5 spots to visit in Jerusalem around Easter

People around the world flock to these sites, especially this time of year

Photo by Keith Dunlap (GMG)

For many Christians who desire to be where all the action is on Easter, there’s no better place than Jerusalem.

Many people around the world flock there each Easter to try and relive firsthand the events written about in the Bible on what is the most important week and day on the Christian calendar.

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It’s not the easiest trip to take because of the long journey and the time needed to explore, so it’s a trek that takes some planning ahead.

In other words, if you want to go in Easter 2025 or even 2026, start figuring it out now.

But take it from this author who has been twice: It’s SO worth it.

It’s a once-in-a-lifetime experience (or in my case, twice in a lifetime) that will make your jaw drop and make scriptures come alive in your heart and mind forever.

What’s so great too about Jerusalem is, it’s also the holiest city for Muslims and Jews, which makes it the de facto “religious capital of the world.”

That diversity can lead to a lot of friendly interaction and conversations between people of different religious backgrounds.

In fact, there are four quarters to Jerusalem: Armenian, Christian, Jewish and Muslim.

But for Easter specifically, here are five places to check out in Jerusalem for Holy Week, from the experiences of this author.

1. Mount of Olives

Photo by Keith Dunlap (GMG)

Perched high over Jerusalem with a picturesque view of the city and sites below, this is where the Bible said that Jesus began his journey into Jerusalem before his arrest and crucifixion.

You can get a great view of the Dome of the Rock, the Islamic shrine, as well as the Western or Wailing Wall, the holiest site for Jews.

Tourists love to start above and snap pictures of the view and then walk down the path toward the city.

The best part about the walk toward the city is that it’s all downhill!

2. Garden of Gethsemane

Photo by Keith Dunlap (GMG)

Located on the western slope of the Mount of Olives, the Garden of Gethsemane is a fenced-in area filled with olive trees that was where Jesus was arrested at night, according to scripture.

Tourists have to stay outside the fence and not walk around inside the garden, but there are still plenty of opportunities for photos and reflection.

3. Via Dolorosa

Christian Arab worshippers carry a large wooden cross along the path where Jesus walked now known as the Via Dolorosa on Good Friday in the Old City East Jerusalem Israel. (Getty Images)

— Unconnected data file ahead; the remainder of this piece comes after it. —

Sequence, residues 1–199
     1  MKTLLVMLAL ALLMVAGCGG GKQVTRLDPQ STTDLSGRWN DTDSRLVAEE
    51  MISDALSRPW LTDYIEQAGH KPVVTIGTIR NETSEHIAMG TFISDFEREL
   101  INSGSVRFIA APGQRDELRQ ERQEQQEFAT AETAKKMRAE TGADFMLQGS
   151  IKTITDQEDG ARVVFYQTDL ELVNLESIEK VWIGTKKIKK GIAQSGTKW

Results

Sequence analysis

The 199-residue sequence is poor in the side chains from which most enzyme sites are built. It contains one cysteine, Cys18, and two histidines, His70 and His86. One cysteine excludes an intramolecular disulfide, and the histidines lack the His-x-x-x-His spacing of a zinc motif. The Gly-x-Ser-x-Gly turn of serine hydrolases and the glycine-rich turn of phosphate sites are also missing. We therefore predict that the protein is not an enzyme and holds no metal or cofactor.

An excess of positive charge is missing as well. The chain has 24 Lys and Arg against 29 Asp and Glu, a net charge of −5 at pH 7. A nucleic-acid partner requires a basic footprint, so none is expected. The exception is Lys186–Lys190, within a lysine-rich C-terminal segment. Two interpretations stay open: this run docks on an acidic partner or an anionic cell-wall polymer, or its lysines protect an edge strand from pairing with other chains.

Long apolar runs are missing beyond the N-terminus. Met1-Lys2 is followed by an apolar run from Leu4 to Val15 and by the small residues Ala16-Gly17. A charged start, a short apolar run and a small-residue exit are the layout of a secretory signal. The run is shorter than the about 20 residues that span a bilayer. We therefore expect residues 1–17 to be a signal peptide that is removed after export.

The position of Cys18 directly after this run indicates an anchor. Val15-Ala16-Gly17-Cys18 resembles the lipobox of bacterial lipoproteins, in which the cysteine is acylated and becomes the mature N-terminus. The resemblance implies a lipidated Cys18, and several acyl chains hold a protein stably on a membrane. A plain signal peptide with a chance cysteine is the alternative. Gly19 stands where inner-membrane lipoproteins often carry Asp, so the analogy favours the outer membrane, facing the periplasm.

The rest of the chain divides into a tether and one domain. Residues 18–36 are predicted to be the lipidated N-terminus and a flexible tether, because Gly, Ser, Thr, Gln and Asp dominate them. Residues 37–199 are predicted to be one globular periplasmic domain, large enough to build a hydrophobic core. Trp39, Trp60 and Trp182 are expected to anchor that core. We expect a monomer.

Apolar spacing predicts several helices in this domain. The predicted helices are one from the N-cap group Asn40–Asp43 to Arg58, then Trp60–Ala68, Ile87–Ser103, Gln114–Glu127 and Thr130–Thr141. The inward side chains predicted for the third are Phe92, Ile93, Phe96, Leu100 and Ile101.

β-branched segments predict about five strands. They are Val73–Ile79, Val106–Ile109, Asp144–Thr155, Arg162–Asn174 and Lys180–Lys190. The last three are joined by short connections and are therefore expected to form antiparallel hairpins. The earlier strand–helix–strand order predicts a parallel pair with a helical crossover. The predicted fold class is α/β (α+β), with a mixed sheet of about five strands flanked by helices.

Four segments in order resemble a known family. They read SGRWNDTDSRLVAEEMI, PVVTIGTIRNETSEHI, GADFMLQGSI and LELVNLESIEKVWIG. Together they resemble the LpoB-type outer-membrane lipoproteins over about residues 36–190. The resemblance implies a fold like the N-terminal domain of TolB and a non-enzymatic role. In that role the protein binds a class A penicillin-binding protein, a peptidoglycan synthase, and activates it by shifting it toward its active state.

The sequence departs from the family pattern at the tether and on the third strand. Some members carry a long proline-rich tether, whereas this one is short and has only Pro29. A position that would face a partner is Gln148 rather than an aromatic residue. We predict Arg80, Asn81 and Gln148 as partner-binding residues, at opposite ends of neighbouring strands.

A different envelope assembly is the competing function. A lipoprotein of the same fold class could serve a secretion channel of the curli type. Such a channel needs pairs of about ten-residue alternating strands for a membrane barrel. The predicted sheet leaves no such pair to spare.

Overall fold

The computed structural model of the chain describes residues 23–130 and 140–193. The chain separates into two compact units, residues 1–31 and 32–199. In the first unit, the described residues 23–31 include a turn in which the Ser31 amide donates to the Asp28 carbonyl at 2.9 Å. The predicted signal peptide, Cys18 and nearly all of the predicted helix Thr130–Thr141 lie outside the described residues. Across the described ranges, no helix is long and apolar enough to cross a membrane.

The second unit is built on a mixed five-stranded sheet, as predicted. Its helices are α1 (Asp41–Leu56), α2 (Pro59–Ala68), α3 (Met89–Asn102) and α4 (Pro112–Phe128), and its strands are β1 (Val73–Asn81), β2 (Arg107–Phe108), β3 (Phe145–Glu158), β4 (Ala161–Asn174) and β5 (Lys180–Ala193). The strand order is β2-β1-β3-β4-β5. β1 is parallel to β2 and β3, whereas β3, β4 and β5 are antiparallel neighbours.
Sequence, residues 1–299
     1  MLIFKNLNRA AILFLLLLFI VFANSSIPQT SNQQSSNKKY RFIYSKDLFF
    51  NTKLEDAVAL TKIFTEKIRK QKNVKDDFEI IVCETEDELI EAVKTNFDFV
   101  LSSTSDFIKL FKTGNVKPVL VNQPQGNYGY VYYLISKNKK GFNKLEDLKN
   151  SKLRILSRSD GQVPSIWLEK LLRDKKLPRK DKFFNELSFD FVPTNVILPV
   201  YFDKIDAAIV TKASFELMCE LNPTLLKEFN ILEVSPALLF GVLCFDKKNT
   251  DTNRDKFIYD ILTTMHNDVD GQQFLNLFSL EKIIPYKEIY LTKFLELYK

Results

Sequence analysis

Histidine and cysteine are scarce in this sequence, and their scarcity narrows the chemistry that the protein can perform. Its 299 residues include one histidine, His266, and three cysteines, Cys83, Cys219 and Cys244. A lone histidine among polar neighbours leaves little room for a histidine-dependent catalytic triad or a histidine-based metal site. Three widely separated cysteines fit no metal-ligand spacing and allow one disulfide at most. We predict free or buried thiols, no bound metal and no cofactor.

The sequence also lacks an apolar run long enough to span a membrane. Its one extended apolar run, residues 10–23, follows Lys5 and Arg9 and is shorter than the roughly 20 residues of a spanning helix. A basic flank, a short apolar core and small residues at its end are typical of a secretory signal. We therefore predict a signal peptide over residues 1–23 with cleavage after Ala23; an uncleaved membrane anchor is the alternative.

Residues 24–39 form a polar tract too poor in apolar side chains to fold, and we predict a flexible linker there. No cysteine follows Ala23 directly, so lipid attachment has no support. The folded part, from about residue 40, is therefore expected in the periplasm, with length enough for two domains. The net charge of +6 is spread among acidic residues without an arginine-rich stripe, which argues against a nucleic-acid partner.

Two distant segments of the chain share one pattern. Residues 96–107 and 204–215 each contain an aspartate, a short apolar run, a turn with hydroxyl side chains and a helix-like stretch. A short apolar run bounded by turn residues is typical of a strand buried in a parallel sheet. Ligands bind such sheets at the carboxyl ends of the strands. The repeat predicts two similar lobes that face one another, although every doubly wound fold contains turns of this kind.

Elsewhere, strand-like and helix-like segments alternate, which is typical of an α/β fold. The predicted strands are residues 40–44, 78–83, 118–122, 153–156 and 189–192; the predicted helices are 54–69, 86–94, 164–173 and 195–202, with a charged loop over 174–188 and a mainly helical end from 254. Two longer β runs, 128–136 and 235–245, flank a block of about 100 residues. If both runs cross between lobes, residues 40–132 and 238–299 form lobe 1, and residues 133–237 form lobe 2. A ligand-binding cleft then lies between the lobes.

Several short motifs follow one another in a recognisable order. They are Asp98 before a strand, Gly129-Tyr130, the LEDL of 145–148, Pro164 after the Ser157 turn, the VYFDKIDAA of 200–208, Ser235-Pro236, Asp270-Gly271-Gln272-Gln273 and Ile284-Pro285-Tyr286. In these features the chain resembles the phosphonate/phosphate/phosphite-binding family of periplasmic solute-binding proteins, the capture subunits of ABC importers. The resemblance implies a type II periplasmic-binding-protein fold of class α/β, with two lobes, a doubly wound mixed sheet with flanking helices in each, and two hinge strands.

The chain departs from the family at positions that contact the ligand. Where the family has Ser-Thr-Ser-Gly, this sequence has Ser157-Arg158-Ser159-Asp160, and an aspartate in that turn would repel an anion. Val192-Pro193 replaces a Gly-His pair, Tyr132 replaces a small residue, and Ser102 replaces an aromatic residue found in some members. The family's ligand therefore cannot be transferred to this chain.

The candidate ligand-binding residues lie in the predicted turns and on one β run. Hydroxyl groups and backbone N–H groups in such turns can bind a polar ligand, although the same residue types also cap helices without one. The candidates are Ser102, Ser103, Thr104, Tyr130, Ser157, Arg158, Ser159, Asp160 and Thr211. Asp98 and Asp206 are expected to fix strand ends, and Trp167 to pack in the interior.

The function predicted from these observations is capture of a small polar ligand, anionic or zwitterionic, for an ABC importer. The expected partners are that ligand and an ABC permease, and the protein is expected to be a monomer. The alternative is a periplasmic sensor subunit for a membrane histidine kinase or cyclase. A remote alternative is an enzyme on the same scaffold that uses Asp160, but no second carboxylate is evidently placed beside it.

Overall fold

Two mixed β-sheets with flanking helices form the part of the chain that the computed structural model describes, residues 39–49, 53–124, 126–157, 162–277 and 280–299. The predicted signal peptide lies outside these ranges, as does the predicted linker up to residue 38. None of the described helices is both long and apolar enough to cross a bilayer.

This is a cobblestoned, winding, narrow path with several arches above that’s about 2,000 feet -- and represents the path Jesus walked on his way to be crucified. It’s marked by nine stations of the cross and is flooded with tourists, especially on Good Friday, when people carry crosses down the path to commemorate the crucifixion.

4. Garden Tomb

Photo by Keith Dunlap (GMG)

There is some debate among Christians as to the true site of the crucifixion and burial, the Garden Tomb or the Church of the Holy Sepulchre.

The Garden Tomb is an outdoor setting just outside the Old City walls that was discovered in 1867 by Israeli archeologist Gabriel Barkay.

In 1894, it was purchased by the Garden Tomb Association, a charitable trust based in the United Kingdom.

The area features a rock called Skull Hill, where the resemblance of a skull can be seen and fits the biblical reference that Jesus was crucified in “the place of the skull.”

There is also a tomb inside a rocky wall with a door that reads “He is not here for he is risen.”

For tourists, the area, which is manned mainly by volunteer guides from the United Kingdom, and its garden-like setting with plants and flowers, is an ideal spot for communion and devotionals.

5. Church of the Holy Sepulchre

Photo by Keith Dunlap (GMG)

The more traditionally known spot of Jesus’ crucifixion and tomb, this is a magnificent and historic structure that was built in the fourth century. It has the last four stations of the cross (the Via Dolorosa has the other nine), a spot it designates where Jesus was crucified and a tomb where Jesus laid until the resurrection to fit the description in the Bible.

There is also the stone of anointing, believed to be the spot where Jesus’ body was prepared for burial, and the tomb of Joseph of Arimathea.

The church also has a dome-shaped main altar that is 65 feet in diameter.

Photo by Keith Dunlap (GMG)

Have you ever been to Jerusalem? If so, what are your favorite spots? If not, what do you most want to see? Let us know in the comments below.

About the Author

Keith is a member of Graham Media Group's Digital Content Team, which produces content for all the company's news websites.

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